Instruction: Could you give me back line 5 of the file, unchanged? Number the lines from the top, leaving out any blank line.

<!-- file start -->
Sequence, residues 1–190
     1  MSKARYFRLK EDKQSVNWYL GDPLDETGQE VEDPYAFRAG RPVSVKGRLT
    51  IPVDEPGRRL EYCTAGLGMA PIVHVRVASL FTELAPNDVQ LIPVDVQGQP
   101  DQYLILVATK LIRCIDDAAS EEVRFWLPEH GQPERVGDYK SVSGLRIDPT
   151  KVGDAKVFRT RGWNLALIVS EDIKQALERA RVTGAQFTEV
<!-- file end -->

   151  KVGDAKVFRT RGWNLALIVS EDIKQALERA RVTGAQFTEV